Albawaba-MEBG: What advice do you have for young Egyptian women who wish to pursue a career?
I would advise them never to sacrifice spending time with their young children. A woman, unless she’s forced to, shouldn’t leave her children to be successful career-wise. Women should start careers when their children are old enough and don’t need a mother at home anymore. You have to be patient to be able to achieve anything in life.
Albawaba-MEBG: What is the biggest challenge facing businesswomen in the Middle East?
You have to distinguish between Egypt and the Arab world. In Egypt, we have an open society that allows women to be part of the professional scene, and as an example you can see that women are present on the political, the economic and the social levels. We have women in very high and important positions in all sectors in Egypt and today that’s not a problem for society to accept. On the other hand, some Arab countries still make a clear difference between men and women and restrict certain activities for men only. That is particularly the case in business where people still prefer to deal with men as counter partners.
Albawaba-MEBG: To what extent do women contribute to Egyptian economy today?
I think women overall contribute no less than 20 percent of the economy. Egyptian women contribute a lot on the small and medium size enterprise level and start micro companies. A lot of them work at home or from home where they open small shops and workshops. We have to remember the contribution of women to the country. I think that there is a positive trend out there and that women’s contribution will increase as the years go by.
Albawaba-MEBG: Do you see any new business trend due to the increasing number of educated women? What role do you think women will play in tomorrow’s business community?
I think that women still have a lot to prove and accomplish, especially to as far as how professional they are. It’s still very common that a woman has to prove her knowledge and professionalism, even if she’s just as educated as her male colleague. So women have to be prepared and master their knowledge, be on top of it, because a men’s mistake is easily forgettable, but it’s not the case for a women.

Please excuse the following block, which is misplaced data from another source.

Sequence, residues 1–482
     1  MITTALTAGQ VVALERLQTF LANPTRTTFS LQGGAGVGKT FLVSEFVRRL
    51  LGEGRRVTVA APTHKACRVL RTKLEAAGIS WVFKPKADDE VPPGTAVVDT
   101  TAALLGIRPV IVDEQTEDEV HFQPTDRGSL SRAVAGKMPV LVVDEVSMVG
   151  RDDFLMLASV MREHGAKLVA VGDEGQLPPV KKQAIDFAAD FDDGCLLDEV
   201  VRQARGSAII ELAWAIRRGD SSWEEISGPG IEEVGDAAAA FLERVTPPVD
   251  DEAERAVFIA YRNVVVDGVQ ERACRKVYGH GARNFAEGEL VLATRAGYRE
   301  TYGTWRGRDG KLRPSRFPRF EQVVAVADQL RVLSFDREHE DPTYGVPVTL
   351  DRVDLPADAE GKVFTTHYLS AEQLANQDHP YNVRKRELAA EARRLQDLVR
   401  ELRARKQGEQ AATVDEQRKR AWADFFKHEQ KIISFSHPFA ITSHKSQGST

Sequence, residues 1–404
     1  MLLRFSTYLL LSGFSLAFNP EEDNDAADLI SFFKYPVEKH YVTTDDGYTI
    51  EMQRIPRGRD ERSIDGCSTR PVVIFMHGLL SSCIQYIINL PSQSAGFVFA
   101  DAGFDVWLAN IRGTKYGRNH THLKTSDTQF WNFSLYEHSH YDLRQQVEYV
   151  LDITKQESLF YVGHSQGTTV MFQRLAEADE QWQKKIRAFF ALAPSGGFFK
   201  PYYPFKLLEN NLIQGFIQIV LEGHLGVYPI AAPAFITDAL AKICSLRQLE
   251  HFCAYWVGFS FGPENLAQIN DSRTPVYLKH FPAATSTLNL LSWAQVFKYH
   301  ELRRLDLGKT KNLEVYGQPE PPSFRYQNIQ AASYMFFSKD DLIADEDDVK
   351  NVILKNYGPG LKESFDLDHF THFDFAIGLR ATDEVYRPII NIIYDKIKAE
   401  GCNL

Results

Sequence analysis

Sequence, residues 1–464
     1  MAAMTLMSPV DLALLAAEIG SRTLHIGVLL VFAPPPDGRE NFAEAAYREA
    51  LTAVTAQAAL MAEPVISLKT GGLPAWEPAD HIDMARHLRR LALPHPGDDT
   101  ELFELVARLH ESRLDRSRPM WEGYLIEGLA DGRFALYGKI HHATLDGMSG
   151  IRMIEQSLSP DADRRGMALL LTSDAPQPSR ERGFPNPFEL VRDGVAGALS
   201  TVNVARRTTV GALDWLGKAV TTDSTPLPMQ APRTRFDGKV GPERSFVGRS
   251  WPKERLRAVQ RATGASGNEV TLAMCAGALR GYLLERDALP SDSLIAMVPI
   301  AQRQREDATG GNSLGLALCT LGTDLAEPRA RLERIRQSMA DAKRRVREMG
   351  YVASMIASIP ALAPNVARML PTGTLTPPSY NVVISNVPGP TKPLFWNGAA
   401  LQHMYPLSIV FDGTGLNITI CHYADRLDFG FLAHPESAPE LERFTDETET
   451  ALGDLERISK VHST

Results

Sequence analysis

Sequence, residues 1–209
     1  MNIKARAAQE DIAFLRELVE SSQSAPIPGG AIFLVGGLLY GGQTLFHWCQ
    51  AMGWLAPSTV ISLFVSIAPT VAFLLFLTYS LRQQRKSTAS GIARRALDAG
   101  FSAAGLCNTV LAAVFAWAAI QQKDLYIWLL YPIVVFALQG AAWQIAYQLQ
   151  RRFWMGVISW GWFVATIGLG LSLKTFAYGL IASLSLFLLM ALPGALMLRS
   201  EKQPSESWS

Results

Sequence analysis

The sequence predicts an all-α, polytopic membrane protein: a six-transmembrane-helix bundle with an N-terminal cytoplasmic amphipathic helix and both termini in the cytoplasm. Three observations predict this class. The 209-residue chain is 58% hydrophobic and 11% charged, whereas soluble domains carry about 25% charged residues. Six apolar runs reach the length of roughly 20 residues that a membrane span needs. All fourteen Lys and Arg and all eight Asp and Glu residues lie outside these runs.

Albawaba-MEBG: In what sense do you think women’s associations and clubs can help young or inexperienced women to start a business?
I don’t really believe in that women movement. For me, there is no difference between a man and a woman. So when an association can help me improve my business or build my network, I’ll become a member. I’m not a member in any of the businesswomen associations because I think their battle isn’t efficient enough. They are promoting a good cause, which is wider acceptance of women in the corporate world, but they are not working hard enough and not pushing for changes of the legislations ¯ where the real battle resides. I think that if a woman wants to succeed in business she has to learn to fight on her own.
Albawaba-MEBG: Have you ever encountered problems because you were a woman conducting business?
Certainly not in Egypt. I haven’t traveled a lot in the region for business purposes, but I know that countries like Jordan, Lebanon or even the Gulf countries are liberal. I did encounter a problem, once, in a certain country, many years ago, at the beginning of my career. But I imagine the situation has changed since. I prefer today to concentrate on doing business in my own country, Egypt, a market that I know the best.